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Bob Hsiang

Savvy Scribes: Young as they are, the kids of WritersCorps are no strangers to the life of the poet.

WritersCorps moves kids to the front of the line

By Amanda Nowinski

When you're an 11-year-old girl growing up in the South of Market area, where homeless people share the streets with drunken clubbers and other such disturbing night crawlers, about the worst diss you could receive is "doin' it with a bum in an alley." Or so I learned when I sat in on the Tuesday night WritersCorps session at the Columbia Park housing center.

Four girls--Anna, Asefa, Victoria and Leezeth--joke back and forth, using the tool that children quickly learn to master: language. In the prepubescent setting, the vocabulary reaches newfound refinement and becomes a more sophisticated, enjoyable toy than even dolls or playhouses. Clever retorts and innocent laughter shoot about the room at a hyperactive rate, much to the slight annoyance of Bay Area writer Alison Seevak.

"All right, girls, let's settle down," Alison says. Asefa grabs a chocolate-chip cookie and perches on top of the table where Alison and two of the other girls are seated. An antique Chinese jewelry box containing strips of paper rests on the table, next to the pile of ornately decorated journals the girls have created. "OK, let's pick seven pieces of paper and write one poem using all these words." Asefa takes the lead, reaches inside the box with her eyes closed and announces, "OK, guys, you can add your own words, too. After all, this is a poem. Duh."

Unrestrained giggling and taunts about "boys" and "bums" continue, but the girls quickly quiet down and proceed to compose. Ten minutes later, the poems are complete, and naturally, Asefa volunteers to read first. Her poem is full of sea imagery inspired by the words "dark" and "blue." She masterfully plays with metaphorical depictions of "mystery" and "loneliness" but ends her poem with a demure shrug, as if embarrassed by the potency of her skill. The group is stunned. "That was really beautiful," Alison says. "Wow!" chirps Anna. Victoria reads next but is too seized with laughter to continue--her poem is about Leezeth "making out with a bum." Admirably patient and hiding a grin, Alison asks that the girls think beyond "just poking fun." Leezeth admits that her poem shares Victoria's topic, so the two girls decide to leave the table and rewrite.

Young as they are, these girls are no strangers to the life of the poet. They have performed at large-scale readings in San Francisco, including a recent event at Borders Books, and been professionally published. Same Difference: Young Writers on Race (1998), an anthology compiled by the San Francisco WritersCorps, contains the poetry of some of the 650 low-income/at-risk youth who participated in the program last year. Crucial treatises on identity, pride and anger flourish in the book, whose writers range in age from 6 to 21. In "How to Be an Indian Girl," Asefa writes, "You always have to look nice even if you are having a bad day. ... Always brush your teeth and make sure that you are perfect. ... Remember to wear your eyeliner when you need to, because it makes you look pretty."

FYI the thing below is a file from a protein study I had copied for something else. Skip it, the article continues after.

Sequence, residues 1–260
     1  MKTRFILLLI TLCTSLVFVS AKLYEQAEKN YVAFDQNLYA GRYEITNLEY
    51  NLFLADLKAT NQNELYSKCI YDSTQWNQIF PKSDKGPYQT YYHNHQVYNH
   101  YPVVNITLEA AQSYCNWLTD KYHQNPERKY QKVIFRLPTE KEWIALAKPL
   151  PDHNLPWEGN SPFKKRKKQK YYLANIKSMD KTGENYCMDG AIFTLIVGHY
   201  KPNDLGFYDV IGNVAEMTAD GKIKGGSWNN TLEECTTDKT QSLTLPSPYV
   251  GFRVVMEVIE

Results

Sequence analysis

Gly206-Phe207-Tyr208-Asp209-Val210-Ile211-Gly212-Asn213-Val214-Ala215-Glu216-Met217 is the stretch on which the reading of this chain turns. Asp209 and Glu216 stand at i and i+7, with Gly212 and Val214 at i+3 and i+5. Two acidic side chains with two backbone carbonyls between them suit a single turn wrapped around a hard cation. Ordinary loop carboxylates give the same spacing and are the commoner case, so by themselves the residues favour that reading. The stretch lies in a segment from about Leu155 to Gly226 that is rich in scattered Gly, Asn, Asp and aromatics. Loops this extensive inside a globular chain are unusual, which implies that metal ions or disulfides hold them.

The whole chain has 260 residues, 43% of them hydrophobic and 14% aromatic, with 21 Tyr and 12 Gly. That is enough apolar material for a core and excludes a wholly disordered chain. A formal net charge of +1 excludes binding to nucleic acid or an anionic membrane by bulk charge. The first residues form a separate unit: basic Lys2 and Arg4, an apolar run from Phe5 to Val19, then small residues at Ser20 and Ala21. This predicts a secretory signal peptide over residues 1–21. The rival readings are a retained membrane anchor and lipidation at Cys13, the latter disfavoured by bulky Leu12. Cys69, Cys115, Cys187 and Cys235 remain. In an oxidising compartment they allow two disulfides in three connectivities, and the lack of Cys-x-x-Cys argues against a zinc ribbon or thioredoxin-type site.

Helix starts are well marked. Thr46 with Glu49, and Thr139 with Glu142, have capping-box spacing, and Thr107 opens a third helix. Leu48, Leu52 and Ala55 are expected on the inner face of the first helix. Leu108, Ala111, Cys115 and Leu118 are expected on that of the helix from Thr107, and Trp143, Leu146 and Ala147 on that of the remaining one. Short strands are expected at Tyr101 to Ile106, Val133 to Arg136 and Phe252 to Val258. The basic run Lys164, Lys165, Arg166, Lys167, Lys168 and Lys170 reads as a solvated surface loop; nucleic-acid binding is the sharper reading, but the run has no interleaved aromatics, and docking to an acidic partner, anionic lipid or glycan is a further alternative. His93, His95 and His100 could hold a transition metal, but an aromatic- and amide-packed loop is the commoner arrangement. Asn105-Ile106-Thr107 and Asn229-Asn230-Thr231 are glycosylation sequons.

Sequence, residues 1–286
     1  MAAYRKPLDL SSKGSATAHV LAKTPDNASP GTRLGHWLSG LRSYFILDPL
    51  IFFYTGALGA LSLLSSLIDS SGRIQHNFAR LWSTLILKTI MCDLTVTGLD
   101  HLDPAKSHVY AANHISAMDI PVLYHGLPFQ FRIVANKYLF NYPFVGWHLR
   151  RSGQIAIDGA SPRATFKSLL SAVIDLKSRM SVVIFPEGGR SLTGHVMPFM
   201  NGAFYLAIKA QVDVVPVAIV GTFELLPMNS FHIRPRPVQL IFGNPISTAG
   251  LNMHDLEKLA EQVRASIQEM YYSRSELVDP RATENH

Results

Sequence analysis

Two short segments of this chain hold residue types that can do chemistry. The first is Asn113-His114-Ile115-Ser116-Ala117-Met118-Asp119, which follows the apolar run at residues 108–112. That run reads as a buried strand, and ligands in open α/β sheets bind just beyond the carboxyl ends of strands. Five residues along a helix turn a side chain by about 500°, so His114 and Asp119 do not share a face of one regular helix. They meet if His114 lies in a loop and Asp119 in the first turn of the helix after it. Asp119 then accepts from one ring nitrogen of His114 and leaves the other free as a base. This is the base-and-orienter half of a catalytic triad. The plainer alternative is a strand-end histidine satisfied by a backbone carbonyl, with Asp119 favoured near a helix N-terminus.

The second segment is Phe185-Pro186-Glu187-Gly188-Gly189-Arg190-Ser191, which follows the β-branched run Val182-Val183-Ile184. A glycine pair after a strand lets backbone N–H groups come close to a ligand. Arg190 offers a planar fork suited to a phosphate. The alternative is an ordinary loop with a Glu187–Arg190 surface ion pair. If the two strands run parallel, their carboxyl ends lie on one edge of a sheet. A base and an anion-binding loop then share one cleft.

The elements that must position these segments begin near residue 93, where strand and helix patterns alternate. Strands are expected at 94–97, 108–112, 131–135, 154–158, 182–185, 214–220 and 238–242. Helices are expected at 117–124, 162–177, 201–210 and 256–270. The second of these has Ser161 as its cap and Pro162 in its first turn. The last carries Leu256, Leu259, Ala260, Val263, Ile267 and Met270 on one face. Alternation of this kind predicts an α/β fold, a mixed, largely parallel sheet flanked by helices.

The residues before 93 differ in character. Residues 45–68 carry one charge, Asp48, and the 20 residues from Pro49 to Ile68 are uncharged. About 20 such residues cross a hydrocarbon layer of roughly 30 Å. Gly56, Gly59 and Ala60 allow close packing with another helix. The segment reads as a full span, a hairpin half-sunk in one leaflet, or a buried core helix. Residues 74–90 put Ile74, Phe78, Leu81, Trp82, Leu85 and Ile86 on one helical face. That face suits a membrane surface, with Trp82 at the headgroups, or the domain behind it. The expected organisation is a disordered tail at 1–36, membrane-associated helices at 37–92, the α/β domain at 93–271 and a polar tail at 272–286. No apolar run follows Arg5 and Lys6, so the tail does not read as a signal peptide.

Developed in 1994 by former NEA chair Jane Alexander and Eli Siegel, the former head of AmeriCorps (a federal national and community service agency created by President Clinton), WritersCorps, has branch programs in Washington, D.C., and the Bronx. The organization seeks to "transform and strengthen individuals and communities utilizing the written word."

WritersCorps teachers, much like Alison Seevak, are professional writers and published poets who meet the younger writers weekly in schools, detention centers, housing projects and shelters around the city. Since its inception, WritersCorps has reached more than 4,000 youth in San Francisco alone, and as evidenced by their annual anthologies, the results are impressive. "This is a program worthy of anyone's legacy. ... The Woody Guthries, the Richard Wrights and the Ruben Salazars of tomorrow are daily being born," wrote Luis Rodriquez in American Book Review.

"Our objective is to help kids learn and to become more self-sufficient," Janet Heller, San Francisco Writers Corps project manager, explains. "If children work with a writer for eight months, it helps them feel more connected to who they are, and it gives them more self-confidence." A poet who has taught in colleges and high schools throughout the States, Heller established Runaway with Words--a writing workshop for runaways in Florida--before joining WritersCorps five years ago.

"Many of these kids are writing creatively for the first time," Heller says, "and this helps them feel connected to the world and to their communities. Participating in live readings also gives them great self-confidence, and enables them to take on new things in their own lives, to become better friends, students and sons and daughters. Through this, we can provide a forum for kids to excel--when they don't see themselves as very successful. WritersCorps moves kids to the front of the line in a very dramatic way."

Same Difference: Young Writers on Race can be found at Borders Books in San Francisco.

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From the December 21, 1998 issue of the Metropolitan.

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